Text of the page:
Lp(a) Lipoprotein Is an Independent, Discriminating Risk Factor for Premature Peripheral Atherosclerosis Among White Men

R. James Valentine, Paul A. Grayburn, Gloria L Vega, Scott M Grundy

Research output: Contribution to journalArticle

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Abstract

Background: Elevated plasma levels of Lp(a) lipoprotein have been linked to the development of premature atherosclerosis in the coronary circulation (coronary artery disease [CAD]). Although Lp(a) lipoprotein has been implicated as a risk factor for premature atherosclerosis in other locations, the patient populations described were not carefully screened for the coexistence of premature CAD. The purpose of this prospective study was to determine whether carefully screened patients with premature peripheral vascular disease (PVD) have elevated plasma levels of Lp(a) lipoprotein and to test the relative strength of Lp(a) lipoprotein level as a risk factor for premature PVD. Methods: We studied 55 consecutive white men with premature PVD (onset at 45 years of age or earlier) presenting to our vascular laboratory. Study subjects were substratified into 17 with PVD only and 38 with combined PVD and CAD (PVD + CAD). Two comparison groups included 26 age-matched white men with premature CAD recruited from the Cardiology Service after cardiac catheterization and 32 age-matched white male controls recruited from outpatient clinics. Results: Mean plasma apolipoprotein B-100 levels were higher in the CAD group than in controls (P=.013). Mean plasma Lp(a) lipoprotein levels were higher among the 17 patients with PVD only than among controls (P=.008). The covariance-adjusted mean Lp(a) lipoprotein levels were higher among all 55 patients with PVD than among controls (P=.014). Logistic regression analysis demonstrated two variables to be significantly related to premature PVD: Lp(a) lipoprotein level greater than 30 mg/dL (odds ratio, 3.9; 95% confidence interval, 1.1 to 13.7) and apolipoprotein B level greater than 95 mg/dL (odds ratio, 3.2; 95% confidence interval, 1.0 to 10.0). Conclusions: Lp(a) lipoprotein level is an independent, discriminating risk factor for premature PVD among white men.

Original languageEnglish (US)
Pages (from-to)801-806
Number of pages6
JournalArchives of Internal Medicine
Volume154
Issue number7
DOIs
StatePublished - Apr 11 1994

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Peripheral Vascular Diseases
Lipoproteins
Atherosclerosis
Coronary Artery Disease
Odds Ratio
Confidence Intervals
Apolipoprotein B-100
Coronary Circulation
Apolipoproteins B
Cardiac Catheterization
Ambulatory Care Facilities
Cardiology
Blood Vessels
Logistic Models
Regression Analysis
Prospective Studies
Control Groups

ASJC Scopus subject areas

  • Internal Medicine

Cite this

Lp(a) Lipoprotein Is an Independent, Discriminating Risk Factor for Premature Peripheral Atherosclerosis Among White Men. / Valentine, R. James; Grayburn, Paul A.; Vega, Gloria L; Grundy, Scott M.

In: Archives of Internal Medicine, Vol. 154, No. 7, 11.04.1994, p. 801-806.

Research output: Contribution to journalArticle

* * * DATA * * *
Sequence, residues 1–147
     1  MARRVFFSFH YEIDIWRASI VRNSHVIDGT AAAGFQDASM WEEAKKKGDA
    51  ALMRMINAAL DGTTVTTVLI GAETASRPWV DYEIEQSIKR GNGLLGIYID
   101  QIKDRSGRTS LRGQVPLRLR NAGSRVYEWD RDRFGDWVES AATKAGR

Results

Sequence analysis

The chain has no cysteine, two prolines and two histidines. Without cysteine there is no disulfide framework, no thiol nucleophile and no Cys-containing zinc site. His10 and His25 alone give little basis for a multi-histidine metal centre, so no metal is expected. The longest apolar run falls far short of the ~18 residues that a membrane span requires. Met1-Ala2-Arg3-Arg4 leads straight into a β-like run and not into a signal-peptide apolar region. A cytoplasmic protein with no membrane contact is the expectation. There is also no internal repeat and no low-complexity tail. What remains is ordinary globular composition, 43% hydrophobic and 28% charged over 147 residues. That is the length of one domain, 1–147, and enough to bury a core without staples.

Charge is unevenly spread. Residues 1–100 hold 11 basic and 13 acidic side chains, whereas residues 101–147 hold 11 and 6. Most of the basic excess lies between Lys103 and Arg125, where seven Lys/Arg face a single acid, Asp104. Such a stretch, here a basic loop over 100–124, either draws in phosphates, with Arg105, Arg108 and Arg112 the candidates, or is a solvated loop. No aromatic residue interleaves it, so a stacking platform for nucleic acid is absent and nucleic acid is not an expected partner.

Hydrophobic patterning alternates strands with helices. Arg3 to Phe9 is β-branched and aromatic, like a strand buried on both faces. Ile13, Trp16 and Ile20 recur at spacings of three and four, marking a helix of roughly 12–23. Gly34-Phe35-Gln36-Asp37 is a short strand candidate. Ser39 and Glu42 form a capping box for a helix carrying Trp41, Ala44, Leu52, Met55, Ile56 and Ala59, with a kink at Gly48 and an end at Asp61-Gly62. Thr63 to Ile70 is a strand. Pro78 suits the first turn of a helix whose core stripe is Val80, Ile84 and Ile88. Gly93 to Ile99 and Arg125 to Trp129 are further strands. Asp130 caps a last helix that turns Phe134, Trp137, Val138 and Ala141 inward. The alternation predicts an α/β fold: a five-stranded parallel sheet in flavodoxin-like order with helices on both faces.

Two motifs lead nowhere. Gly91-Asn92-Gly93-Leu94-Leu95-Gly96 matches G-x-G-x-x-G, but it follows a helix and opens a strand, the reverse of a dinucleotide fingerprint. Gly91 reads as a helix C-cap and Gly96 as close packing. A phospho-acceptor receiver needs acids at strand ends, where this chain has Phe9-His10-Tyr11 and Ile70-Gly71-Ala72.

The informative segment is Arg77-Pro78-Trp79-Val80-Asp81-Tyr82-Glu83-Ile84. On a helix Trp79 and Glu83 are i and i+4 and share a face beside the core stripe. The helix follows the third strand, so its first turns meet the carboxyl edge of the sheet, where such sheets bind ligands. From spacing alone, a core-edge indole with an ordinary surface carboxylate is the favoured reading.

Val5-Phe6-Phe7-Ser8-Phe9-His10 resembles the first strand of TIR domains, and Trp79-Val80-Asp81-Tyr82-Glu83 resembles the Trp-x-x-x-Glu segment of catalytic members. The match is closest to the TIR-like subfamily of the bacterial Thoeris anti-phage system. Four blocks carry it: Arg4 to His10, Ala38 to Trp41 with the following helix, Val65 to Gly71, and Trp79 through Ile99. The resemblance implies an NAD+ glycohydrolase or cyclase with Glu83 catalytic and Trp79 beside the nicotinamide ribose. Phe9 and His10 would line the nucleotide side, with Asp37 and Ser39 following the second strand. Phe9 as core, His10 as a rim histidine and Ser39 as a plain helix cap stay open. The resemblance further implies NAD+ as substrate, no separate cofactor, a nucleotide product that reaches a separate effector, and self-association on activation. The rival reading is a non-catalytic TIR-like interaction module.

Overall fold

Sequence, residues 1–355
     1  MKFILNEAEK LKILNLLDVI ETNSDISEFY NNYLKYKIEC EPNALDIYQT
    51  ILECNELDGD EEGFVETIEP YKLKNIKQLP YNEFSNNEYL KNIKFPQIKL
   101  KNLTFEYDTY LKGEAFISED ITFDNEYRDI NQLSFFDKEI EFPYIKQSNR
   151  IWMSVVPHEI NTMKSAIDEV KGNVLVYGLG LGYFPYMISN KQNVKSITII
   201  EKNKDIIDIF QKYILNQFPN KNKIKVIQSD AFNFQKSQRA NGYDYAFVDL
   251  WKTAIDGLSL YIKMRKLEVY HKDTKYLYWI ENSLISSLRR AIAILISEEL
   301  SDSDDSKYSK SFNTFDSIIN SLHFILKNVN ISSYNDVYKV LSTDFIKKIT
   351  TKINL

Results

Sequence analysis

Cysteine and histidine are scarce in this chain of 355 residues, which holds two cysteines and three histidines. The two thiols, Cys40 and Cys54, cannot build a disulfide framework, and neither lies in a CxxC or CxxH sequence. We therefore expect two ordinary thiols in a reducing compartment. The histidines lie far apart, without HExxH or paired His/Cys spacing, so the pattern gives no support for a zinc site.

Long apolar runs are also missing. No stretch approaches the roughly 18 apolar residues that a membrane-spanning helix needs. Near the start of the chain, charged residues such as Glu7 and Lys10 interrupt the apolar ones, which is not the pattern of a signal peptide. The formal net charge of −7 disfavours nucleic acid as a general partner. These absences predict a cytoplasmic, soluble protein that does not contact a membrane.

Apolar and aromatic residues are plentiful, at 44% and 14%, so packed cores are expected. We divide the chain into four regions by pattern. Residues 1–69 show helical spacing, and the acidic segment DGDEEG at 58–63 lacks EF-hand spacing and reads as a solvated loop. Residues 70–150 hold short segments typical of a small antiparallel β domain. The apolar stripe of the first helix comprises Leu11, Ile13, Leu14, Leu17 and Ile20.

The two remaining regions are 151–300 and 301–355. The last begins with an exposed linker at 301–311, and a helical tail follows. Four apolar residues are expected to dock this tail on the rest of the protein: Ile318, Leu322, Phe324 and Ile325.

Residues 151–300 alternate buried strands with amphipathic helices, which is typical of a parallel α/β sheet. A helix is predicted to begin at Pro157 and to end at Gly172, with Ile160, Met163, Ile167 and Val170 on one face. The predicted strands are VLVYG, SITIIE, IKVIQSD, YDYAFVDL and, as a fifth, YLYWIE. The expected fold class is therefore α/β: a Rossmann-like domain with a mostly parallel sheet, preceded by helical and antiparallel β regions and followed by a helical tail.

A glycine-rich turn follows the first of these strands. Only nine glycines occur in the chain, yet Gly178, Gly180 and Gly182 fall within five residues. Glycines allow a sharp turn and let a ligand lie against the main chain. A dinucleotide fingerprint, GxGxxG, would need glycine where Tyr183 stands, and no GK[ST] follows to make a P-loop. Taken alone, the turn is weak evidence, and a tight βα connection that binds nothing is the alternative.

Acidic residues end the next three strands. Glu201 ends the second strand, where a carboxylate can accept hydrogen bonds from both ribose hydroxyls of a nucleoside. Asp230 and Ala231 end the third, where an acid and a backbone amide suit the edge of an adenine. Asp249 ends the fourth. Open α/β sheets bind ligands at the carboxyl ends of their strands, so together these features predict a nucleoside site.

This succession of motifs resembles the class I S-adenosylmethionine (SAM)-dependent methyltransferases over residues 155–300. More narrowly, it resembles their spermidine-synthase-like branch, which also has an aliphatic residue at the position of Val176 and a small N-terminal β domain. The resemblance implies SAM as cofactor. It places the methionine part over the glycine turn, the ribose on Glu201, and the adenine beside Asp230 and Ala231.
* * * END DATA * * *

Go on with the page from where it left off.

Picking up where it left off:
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title = "Lp(a) Lipoprotein Is an Independent, Discriminating Risk Factor for Premature Peripheral Atherosclerosis Among White Men",
abstract = "Background: Elevated plasma levels of Lp(a) lipoprotein have been linked to the development of premature atherosclerosis in the coronary circulation (coronary artery disease [CAD]). Although Lp(a) lipoprotein has been implicated as a risk factor for premature atherosclerosis in other locations, the patient populations described were not carefully screened for the coexistence of premature CAD. The purpose of this prospective study was to determine whether carefully screened patients with premature peripheral vascular disease (PVD) have elevated plasma levels of Lp(a) lipoprotein and to test the relative strength of Lp(a) lipoprotein level as a risk factor for premature PVD. Methods: We studied 55 consecutive white men with premature PVD (onset at 45 years of age or earlier) presenting to our vascular laboratory. Study subjects were substratified into 17 with PVD only and 38 with combined PVD and CAD (PVD + CAD). Two comparison groups included 26 age-matched white men with premature CAD recruited from the Cardiology Service after cardiac catheterization and 32 age-matched white male controls recruited from outpatient clinics. Results: Mean plasma apolipoprotein B-100 levels were higher in the CAD group than in controls (P=.013). Mean plasma Lp(a) lipoprotein levels were higher among the 17 patients with PVD only than among controls (P=.008). The covariance-adjusted mean Lp(a) lipoprotein levels were higher among all 55 patients with PVD than among controls (P=.014). Logistic regression analysis demonstrated two variables to be significantly related to premature PVD: Lp(a) lipoprotein level greater than 30 mg/dL (odds ratio, 3.9; 95{\%} confidence interval, 1.1 to 13.7) and apolipoprotein B level greater than 95 mg/dL (odds ratio, 3.2; 95{\%} confidence interval, 1.0 to 10.0). Conclusions: Lp(a) lipoprotein level is an independent, discriminating risk factor for premature PVD among white men.",